7 ways you can protect yourself and those around you
We understand that this is a stressful time for the vulnerable, patients and their caregivers. To help you protect yourself and those around you, Nutricia is sharing a few simple rules from the World Health Organization (WHO). If you are a carer and in contact with the vulnerable or patients, it is even more important to responsibly safeguard your health and follow these recommendations – together we can limit the spread of the COVID-19.
In addition, we are sharing answers from our Nutricia experts to the most frequently asked questions about what to do if you are someone who is more vulnerable to COVID-19, currently a patient, or looking after another person. Each category has specific scenarios to help guide you and can be applied to your daily lives.
1. Wash hands regularly
COVID-19 is spread by human contact. Therefore, the best way to protect against it is to properly wash your hands with soap and water for at least 20 seconds. We recommend that you make it a regular routine before meal times, when coming in from outdoors and before and after meeting friends or family.
What does it mean for you? This will help to eliminate any traces of the virus that may be on your hands so that you don’t infect yourself or anyone around you. In addition, please enforce hand washing for anyone entering into the same space as you – this may include family, helpers, the postman, etc. If you are a carer, it’s very important to explain this to the person you are looking after as well.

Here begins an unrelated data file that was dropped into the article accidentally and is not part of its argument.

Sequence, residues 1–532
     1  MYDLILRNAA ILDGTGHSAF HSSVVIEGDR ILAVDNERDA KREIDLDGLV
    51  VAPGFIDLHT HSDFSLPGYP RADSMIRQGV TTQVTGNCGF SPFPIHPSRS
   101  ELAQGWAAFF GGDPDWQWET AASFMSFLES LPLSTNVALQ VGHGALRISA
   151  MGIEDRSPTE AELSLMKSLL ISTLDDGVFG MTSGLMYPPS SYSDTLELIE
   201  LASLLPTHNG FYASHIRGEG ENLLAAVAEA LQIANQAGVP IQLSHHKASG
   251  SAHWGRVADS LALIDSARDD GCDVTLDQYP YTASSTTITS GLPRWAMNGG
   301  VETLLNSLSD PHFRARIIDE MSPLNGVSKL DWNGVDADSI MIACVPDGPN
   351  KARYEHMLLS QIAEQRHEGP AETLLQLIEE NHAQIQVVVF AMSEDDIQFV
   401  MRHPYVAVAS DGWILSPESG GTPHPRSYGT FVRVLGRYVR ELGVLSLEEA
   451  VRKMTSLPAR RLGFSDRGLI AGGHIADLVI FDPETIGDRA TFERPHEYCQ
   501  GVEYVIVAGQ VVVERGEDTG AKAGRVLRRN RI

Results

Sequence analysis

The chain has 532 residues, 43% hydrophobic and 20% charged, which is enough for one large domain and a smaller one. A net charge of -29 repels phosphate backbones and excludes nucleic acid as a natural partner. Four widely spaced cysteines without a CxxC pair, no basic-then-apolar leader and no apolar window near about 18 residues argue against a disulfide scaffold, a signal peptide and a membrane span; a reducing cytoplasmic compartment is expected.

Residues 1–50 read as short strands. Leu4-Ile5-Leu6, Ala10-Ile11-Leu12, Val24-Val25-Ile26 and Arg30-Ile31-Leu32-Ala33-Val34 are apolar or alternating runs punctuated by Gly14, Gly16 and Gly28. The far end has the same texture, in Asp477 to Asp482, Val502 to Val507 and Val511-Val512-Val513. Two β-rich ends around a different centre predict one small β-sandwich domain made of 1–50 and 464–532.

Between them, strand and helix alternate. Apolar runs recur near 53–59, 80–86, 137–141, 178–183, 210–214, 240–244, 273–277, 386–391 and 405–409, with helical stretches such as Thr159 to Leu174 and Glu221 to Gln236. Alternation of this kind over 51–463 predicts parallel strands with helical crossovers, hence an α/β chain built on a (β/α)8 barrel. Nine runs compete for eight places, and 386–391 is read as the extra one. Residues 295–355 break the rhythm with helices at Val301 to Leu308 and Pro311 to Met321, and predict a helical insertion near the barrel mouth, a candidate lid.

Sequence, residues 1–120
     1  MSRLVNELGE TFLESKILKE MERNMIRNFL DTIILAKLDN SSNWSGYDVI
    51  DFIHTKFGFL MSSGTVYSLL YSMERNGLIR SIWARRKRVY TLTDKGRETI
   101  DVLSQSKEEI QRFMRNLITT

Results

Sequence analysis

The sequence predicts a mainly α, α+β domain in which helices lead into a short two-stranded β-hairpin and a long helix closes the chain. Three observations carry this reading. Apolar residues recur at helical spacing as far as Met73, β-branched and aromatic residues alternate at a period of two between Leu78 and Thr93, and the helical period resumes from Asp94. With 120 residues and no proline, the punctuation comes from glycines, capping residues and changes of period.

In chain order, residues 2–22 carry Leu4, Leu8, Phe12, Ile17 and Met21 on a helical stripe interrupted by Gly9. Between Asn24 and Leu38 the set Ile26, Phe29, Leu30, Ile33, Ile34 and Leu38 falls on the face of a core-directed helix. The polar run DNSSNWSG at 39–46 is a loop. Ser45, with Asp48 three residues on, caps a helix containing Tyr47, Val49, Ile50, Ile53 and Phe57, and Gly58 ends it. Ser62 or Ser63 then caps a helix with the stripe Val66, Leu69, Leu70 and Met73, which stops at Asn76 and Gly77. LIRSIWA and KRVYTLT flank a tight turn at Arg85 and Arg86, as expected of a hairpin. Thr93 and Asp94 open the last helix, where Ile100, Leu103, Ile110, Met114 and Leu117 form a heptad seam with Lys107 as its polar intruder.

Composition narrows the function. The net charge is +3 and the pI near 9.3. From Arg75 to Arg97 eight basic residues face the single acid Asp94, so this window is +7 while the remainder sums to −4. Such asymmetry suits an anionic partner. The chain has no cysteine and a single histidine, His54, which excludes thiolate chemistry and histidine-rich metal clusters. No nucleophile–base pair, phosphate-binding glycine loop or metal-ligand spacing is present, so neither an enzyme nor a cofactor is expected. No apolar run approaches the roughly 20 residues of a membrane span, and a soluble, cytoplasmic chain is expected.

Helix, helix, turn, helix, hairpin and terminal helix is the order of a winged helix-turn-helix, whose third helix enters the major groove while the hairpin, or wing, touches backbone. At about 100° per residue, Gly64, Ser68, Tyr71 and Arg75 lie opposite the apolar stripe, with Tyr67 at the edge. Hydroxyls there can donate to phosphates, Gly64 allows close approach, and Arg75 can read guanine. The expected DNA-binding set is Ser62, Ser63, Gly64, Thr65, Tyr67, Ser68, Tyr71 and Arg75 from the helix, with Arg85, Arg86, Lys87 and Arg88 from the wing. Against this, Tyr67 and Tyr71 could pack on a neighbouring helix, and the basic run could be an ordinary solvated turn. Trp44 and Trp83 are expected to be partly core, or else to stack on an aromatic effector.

WHO’s handwashing guidelines: https://www.who.int/gpsc/clean_hands_protection/en/
2. Keep a social distance of 1.5 metres
We all want to be near our family members or patients to comfort them during these stressful times, however, it is recommended that we minimise our visits to stop the spread of COVID-19. Therefore, please shorten or postpone visits or family gatherings to a later date.
If you are around anyone that is unwell, avoid contact and maintain a safe distance of at least 1.5 meters as the virus is carried and passed-on by people. Social distancing has been proven to reduce the spread of the virus.
What does it mean for you? This doesn’t mean you should completely avoid contact with your friends and family. Try to find other means to communicate, such as by phone or online tools such as Skype, Webex or Zoom.
3. Avoid touching your eyes, nose and mouth
We tend to touch different surfaces throughout the day which may carry the COVID-19 virus. Once it is on our hands, the easiest way for it to enter our body is through our eyes, mouth or nose. We can’t avoid touching surfaces, but we can avoid touching our faces and limit the potential spread of the virus into our body.
That’s why it helps to have the most-touched surfaces disinfected – doorknobs, tabletops, mobile phones, remote controls, steering wheels, handrails etc. Also try and avoid touching your face, it’s not easy but can be done if you pay attention to your gestures.
What does it mean for you? Surfaces can be contaminated with COVID-19 and once the virus is on our hands it can easily be transferred into the body via our eyes, mouth or nose when we touch our face.